Two Galway hospitals fined over waiting lists


TWO GALWAY hospitals have been fined a total of €1.2 million by the Department of Health for failing to meet Government targets on reduced waiting times.

University College Hospital Galway and the city’s Merlin Park Hospital are the first to face fines under a policy put in place by the department’s special delivery unit in February.

The new policy penalises hospitals where patients have had to wait longer than the official maximum target of 12 months for procedures.

The department, however, has suspended the penalty on the Galway hospitals on condition that all waiting time targets are met by September 30th, and a programme of support measures is put in place.

The department also said the two hospitals would be excluded from any performance-related incentive payments which may be introduced by the Government later in the year.

The number of people waiting longer than 12 months for hospital procedures increased dramatically in the early part of the year but is now falling again, official figures released yesterday show.

The Department of Health said that at the end of last week there were 556 patients – adults and children – waiting longer than 12 months for either day-case or in-patient procedures in hospitals.

A spokesman for Minster for Health James Reilly said the special delivery unit would now carry out an assessment in these hospitals. He said it would look at whether there were any particular reasons for the targets being missed, such as urgent cases having to be given priority over those waiting in chronological order.

Under the system of penalties, hospitals with patients who were waiting longer than 12 months for procedures would face possible fines of €25,000 per month.

Alternatively, they would have to pay the full cost of having the patient treated in another centre, along with a financial penalty that would be 100 per cent of the costs involved.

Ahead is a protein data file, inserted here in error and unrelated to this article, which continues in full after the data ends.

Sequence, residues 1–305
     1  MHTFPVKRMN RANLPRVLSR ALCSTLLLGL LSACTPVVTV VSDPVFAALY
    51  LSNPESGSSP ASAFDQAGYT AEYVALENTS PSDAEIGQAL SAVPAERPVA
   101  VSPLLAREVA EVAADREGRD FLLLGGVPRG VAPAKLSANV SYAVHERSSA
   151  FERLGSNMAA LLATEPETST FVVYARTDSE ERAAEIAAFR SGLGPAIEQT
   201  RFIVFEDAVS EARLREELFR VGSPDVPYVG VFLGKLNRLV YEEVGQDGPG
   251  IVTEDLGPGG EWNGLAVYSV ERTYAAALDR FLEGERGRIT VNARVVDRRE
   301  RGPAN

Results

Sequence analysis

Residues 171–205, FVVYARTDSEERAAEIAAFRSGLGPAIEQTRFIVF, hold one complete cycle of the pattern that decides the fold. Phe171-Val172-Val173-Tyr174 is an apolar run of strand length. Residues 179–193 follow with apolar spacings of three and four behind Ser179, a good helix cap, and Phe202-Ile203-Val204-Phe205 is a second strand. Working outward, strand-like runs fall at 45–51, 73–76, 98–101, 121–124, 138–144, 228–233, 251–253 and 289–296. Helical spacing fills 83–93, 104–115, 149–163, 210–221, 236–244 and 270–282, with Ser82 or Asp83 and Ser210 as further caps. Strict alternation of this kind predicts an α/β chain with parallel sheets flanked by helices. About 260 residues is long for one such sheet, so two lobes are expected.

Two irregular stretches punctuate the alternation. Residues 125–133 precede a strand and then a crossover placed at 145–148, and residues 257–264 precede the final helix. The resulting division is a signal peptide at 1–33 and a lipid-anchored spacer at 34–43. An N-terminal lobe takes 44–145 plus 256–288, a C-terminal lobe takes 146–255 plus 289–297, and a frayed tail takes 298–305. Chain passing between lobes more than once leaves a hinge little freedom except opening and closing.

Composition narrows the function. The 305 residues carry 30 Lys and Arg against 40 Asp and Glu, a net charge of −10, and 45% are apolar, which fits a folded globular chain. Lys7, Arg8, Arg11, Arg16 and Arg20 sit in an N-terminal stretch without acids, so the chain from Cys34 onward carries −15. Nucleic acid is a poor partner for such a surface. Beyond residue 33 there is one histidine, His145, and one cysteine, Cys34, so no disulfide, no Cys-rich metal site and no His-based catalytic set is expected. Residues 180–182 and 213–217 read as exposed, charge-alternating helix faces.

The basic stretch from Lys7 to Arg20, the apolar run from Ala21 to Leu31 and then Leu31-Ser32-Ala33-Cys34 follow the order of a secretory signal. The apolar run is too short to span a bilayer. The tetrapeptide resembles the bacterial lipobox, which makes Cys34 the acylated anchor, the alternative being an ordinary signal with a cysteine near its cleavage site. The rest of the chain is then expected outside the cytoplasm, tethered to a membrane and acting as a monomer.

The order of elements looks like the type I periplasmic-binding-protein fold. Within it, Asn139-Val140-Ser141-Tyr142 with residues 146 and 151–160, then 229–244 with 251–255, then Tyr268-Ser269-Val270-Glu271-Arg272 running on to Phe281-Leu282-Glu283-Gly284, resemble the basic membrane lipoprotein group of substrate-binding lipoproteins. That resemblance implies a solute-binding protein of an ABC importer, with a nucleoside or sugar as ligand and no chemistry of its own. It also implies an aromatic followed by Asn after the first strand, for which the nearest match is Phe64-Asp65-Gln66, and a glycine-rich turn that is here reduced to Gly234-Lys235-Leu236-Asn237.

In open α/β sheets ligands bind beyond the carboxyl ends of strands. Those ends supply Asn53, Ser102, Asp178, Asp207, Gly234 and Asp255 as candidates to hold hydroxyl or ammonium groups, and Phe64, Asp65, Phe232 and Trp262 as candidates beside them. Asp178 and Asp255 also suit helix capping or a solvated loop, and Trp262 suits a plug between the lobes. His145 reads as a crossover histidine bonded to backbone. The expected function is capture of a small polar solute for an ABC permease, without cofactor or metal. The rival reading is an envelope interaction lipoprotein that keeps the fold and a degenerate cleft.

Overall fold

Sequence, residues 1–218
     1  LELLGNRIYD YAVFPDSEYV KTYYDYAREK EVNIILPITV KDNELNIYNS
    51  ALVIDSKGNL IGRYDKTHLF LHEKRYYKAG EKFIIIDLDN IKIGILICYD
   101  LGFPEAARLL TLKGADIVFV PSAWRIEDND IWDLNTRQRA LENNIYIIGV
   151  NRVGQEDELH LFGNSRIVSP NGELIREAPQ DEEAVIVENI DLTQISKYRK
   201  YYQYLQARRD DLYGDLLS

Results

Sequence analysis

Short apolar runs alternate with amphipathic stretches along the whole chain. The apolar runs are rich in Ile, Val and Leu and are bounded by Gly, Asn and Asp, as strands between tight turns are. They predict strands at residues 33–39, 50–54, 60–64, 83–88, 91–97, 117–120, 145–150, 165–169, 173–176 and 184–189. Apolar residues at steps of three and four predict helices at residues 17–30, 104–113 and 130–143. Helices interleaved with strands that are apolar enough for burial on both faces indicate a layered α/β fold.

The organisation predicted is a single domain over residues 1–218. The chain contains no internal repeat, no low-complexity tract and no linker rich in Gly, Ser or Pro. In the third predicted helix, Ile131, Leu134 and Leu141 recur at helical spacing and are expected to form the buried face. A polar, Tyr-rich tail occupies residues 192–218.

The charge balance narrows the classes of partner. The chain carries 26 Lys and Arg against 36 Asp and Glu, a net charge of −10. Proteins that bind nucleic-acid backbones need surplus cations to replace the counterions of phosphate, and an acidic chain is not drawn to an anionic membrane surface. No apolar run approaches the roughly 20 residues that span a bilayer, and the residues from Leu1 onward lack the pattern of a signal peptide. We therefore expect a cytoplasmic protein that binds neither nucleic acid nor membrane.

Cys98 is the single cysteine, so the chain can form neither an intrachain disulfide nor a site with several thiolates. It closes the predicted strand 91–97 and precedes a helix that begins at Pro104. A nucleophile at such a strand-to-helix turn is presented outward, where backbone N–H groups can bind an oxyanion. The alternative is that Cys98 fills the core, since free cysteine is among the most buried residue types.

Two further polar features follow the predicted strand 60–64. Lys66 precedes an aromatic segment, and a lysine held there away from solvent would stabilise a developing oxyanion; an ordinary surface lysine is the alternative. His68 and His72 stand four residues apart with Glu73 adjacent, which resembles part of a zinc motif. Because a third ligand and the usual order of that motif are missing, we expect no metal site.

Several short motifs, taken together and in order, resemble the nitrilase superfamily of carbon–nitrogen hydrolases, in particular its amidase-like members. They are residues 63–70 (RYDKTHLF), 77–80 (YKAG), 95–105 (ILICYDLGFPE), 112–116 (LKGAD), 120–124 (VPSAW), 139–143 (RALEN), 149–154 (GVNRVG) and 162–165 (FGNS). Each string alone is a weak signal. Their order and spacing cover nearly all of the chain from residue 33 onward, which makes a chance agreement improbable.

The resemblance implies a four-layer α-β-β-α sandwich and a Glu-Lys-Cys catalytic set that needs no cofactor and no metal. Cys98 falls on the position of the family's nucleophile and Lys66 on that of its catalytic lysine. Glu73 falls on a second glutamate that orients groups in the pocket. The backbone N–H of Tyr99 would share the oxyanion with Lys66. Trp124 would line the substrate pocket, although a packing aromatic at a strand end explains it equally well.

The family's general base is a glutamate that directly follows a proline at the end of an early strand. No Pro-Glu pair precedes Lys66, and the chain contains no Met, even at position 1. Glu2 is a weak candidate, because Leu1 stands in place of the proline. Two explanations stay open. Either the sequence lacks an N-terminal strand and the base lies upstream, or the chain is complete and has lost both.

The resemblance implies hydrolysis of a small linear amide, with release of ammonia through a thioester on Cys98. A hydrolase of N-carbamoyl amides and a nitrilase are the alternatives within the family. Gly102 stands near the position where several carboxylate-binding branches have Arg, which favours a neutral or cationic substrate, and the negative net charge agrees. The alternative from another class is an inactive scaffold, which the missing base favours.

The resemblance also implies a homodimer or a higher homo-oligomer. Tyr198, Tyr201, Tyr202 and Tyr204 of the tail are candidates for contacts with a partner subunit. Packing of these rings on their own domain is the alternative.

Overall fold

The department’s figures showed there was a surge in the number of patients who had to wait longer than 12 months for procedures in the early months of the year, but this had begun to tail off in recent weeks.

At the end of December the number of patients waiting longer than 12 months stood at 372 – all of whom were awaiting treatment in Galway University Hospital or Merlin Park Hospital. At the end of January this number had grown to 907.

By the end of February the number waiting longer than 12 months had surged to 1,219.

However the department said that at the end of last week the numbers had fallen to 556 – down substantially on the figures recorded for the end of February but still significantly ahead of the position at the end of December.

It attributed the fall in the numbers waiting longer than 12 months in recent weeks on the introduction of a new regime of fines.

The chief operating officer of the department’s special delivery unit, Tony O’Brien, said: “The evidence appears to support the notion that since the penalty regime was implemented hospitals have refocused their attention on chronological management of waiting list patients, and that is the reason why we see the waiting list coming down.”

In a letter to the Galway hospitals, the special delivery unit said the suspension of the fines was in the context of them addressing chronological management and exhausting all avenues of providing treatment and entering into open dialogue to agree a programme of financial support.